While the equations of motion for the other fields, (3-6) and (3-9) are generally
covariant, Eq. (5-1) is not and reflects a specific choice of coordinate system and
would not preserve its form under an infinitesimal coordinate transformation.
That is to -i, the gravitational self-force calculated via MiSaTaQuWa equations
is not gauge invariant and depends upon the gauge condition given by Eq. (3-16).
According to Ref. [31], under a coordinate transformation
xa + a, (5-3)
where Xa are the coordinates of the background spacetime and a is a smooth
vector field of O(m), the particle's acceleration changes accordingly
+ z[]", (5-4)
where
[] (ab + ai b) (b + RbCdeC cde (5-5)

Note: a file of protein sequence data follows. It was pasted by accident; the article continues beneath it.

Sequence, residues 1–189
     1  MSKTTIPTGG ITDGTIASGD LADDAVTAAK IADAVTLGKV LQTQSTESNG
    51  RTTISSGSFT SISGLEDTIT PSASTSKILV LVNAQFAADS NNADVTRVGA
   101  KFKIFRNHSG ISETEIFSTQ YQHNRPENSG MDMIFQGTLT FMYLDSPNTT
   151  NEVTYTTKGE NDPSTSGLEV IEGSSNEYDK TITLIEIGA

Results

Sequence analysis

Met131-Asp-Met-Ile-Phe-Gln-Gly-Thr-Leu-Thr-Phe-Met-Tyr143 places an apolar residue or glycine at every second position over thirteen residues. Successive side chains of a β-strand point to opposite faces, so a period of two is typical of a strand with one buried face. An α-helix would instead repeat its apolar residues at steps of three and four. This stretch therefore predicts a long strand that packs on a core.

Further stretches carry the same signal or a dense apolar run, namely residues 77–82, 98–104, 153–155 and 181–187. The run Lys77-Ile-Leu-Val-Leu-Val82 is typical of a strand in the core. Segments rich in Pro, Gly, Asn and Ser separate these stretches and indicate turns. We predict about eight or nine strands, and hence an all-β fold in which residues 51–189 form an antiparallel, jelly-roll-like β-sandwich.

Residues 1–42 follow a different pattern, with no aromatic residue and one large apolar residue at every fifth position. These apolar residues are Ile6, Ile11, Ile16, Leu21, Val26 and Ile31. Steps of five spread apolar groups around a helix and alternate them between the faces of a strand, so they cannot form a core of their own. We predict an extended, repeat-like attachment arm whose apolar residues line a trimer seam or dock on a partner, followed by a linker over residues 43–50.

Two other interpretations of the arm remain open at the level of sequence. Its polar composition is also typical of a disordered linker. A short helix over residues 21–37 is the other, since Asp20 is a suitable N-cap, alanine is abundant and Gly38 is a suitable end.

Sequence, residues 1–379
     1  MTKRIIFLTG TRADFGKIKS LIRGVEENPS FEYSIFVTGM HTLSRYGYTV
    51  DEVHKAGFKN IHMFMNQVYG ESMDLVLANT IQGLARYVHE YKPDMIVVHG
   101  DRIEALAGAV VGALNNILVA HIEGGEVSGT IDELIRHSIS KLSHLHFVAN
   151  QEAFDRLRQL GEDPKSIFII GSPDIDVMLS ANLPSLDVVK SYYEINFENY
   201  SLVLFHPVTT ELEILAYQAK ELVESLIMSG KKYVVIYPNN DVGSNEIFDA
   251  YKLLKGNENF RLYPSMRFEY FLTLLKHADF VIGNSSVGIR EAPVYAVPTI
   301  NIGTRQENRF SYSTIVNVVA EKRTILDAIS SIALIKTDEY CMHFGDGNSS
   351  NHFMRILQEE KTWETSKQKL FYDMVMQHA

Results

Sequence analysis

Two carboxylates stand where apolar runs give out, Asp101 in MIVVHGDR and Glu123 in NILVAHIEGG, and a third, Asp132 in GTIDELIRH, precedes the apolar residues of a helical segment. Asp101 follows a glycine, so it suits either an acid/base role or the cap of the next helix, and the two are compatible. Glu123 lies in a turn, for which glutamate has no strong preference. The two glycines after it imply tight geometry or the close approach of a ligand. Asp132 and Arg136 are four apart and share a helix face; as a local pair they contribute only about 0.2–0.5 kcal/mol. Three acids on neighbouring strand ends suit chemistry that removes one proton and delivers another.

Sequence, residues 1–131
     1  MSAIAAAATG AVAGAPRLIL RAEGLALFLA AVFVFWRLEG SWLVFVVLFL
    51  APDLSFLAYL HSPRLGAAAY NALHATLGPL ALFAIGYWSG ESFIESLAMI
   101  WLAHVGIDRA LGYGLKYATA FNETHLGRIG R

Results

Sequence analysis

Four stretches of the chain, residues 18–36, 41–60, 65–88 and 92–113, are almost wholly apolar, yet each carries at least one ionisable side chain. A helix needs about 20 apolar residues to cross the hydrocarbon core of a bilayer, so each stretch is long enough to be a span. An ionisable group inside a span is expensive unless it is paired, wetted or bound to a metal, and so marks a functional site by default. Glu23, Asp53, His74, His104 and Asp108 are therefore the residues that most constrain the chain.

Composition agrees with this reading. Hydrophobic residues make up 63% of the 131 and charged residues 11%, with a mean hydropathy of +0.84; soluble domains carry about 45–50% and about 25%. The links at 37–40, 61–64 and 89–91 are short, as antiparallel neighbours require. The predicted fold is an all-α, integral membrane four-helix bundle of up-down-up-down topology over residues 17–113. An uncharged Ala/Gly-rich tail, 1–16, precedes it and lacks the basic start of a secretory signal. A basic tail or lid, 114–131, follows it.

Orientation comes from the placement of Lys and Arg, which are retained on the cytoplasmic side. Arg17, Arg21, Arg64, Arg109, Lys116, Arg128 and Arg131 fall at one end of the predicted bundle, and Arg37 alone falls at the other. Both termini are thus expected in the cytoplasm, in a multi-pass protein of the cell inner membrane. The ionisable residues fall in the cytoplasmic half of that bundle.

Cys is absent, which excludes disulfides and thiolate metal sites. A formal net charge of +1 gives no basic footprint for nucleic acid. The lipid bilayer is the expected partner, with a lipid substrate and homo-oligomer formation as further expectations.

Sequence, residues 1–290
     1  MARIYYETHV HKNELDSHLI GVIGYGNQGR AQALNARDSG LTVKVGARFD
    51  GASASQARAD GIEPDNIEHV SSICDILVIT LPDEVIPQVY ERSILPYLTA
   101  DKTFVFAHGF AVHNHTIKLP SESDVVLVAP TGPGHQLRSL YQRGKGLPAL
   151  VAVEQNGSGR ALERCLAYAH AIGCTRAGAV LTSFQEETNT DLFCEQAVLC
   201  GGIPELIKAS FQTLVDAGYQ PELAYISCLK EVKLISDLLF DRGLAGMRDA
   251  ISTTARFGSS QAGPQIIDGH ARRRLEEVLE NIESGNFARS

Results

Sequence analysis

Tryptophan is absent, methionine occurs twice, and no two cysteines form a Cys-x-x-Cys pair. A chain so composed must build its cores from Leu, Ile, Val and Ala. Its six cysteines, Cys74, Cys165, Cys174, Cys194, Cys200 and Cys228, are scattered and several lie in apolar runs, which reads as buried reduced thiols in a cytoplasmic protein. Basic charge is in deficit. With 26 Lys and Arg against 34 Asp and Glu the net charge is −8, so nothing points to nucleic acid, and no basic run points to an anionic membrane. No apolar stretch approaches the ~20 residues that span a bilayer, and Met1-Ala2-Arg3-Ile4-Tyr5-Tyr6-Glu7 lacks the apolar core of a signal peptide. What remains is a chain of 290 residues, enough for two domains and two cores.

is the ,, '-1' acceleration" and b (~b;a a) ,c is the second covariant derivative
of $b in the direction of the world-line. This implies that a gauge transformation
can alter the particle's acceleration: a special choice of a could even make 2" = 0,
which is just back to the original geodesic of motion [30].
From this observation we come to the conclusion that the MiSaTaQuWa
equations of motion are not gauge invariant and cannot provide by themselves a
meaningful interpretation to the gravitational self-force. To obtain a physically
meaningful answer to the gravitational self-force problem, we should be aiming at
the quantities that must be describable in a manner which is gauge invariant [30].
5.2 First Order Perturbation Analysis
Perturbation analysis provides the framework for an understanding the
self-force and radiation reaction on an object of small mass and size in general
relativity [10]. Suppose a particle of small mass p moves along a geodesic F of